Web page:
The act of remembering is a layered sensory experience rarely wed to a linear, chronological narrative. I recall an emotion connected with a particular corner, the quality of light, warmth or coolness in a space, or the sense of enclosure or exposure of a room. In the complexity of my interior remembered space I see the dominant color in a tablecloth or am brought suddenly to the long ago smell of a friend’s house. The world made up of these fragments and traces is the one I hope to inhabit in my work.
I entered graduate school as a still life painter, but my first collage blew open my artistic practice. The process of collage seemed to align with my own way of thinking and living in such a strong way that I felt I had artistically come home. The work of bringing diverse fragments or pieces together—people at a party, ingredients in a salad, or songs on a playlist—seemed so natural to me that going to my studio began to feel like a real continuation of my life for the first time. This groundwork allowed me to expand into my current practice, which embraces physical construction of models, photography, and word drawing as well as painting and collage.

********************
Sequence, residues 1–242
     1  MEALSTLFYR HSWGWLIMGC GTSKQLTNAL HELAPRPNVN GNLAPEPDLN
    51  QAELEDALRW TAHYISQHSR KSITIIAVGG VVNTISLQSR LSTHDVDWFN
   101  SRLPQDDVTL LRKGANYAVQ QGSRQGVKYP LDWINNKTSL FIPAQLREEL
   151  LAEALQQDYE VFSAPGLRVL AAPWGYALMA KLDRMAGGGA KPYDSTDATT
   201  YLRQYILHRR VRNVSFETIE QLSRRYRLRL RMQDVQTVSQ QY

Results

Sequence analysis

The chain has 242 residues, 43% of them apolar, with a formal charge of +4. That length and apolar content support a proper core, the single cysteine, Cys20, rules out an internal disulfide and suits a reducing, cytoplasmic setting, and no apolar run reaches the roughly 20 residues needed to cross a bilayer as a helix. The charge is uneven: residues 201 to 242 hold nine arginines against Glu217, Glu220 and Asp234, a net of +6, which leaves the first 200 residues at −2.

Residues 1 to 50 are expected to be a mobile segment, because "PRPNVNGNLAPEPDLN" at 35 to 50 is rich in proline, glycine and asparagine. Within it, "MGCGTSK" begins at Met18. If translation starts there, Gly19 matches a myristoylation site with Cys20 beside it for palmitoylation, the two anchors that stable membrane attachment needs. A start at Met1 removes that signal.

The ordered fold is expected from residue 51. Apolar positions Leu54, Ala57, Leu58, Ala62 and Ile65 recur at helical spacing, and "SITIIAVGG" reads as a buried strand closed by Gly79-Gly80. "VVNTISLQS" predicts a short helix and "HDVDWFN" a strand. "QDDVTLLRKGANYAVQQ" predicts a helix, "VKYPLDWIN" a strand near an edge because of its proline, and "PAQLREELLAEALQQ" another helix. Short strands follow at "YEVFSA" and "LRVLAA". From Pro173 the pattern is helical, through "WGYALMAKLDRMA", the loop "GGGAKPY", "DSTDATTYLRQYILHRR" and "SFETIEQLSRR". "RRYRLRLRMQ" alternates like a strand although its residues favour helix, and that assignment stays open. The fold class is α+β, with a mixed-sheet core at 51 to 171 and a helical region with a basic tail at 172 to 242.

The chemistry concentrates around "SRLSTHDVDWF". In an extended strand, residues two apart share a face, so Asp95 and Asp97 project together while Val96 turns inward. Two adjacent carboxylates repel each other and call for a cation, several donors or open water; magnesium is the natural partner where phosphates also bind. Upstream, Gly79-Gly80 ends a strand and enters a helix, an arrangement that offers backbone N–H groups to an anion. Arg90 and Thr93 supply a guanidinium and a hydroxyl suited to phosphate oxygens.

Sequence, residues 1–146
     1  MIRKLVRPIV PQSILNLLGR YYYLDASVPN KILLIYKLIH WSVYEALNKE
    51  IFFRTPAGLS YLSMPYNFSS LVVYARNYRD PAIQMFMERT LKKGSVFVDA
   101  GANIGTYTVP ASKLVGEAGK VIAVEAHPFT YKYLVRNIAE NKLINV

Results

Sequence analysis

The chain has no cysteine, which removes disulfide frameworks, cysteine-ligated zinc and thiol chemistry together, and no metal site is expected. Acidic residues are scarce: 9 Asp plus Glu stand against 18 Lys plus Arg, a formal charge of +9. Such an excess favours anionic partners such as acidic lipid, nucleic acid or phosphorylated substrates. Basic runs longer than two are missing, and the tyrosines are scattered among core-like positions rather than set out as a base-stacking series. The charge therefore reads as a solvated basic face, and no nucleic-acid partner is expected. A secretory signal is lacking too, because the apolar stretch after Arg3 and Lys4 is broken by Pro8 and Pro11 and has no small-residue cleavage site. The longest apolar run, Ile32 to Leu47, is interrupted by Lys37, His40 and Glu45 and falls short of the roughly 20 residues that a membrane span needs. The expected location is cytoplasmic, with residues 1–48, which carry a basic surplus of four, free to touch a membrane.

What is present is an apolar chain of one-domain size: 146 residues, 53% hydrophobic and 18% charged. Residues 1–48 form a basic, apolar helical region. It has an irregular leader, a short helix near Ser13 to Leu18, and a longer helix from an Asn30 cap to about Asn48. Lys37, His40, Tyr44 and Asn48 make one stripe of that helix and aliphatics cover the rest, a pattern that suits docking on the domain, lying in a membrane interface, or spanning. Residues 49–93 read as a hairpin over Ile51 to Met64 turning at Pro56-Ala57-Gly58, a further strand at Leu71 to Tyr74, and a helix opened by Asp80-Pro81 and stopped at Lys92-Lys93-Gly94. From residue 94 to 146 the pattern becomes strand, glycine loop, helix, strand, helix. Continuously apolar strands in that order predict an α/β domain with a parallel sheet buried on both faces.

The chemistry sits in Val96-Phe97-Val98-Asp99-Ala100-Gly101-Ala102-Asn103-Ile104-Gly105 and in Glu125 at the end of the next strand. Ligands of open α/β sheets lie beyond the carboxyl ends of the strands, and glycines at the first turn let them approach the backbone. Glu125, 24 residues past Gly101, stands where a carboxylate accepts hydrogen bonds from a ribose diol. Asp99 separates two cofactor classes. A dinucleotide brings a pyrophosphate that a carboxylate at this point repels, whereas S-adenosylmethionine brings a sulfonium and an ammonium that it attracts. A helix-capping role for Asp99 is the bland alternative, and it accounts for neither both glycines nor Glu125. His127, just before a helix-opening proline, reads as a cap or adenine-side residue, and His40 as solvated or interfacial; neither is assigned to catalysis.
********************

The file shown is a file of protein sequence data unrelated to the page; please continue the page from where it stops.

Although much of my current work is not collage in material terms, the sensibility remains the same. The process itself has become a metaphor for everything I do in the studio; words become a collage element, as do pieces of cardboard and wire, wood and glue. The space of the studio plays its own part, coming in and out of my work as another collage component.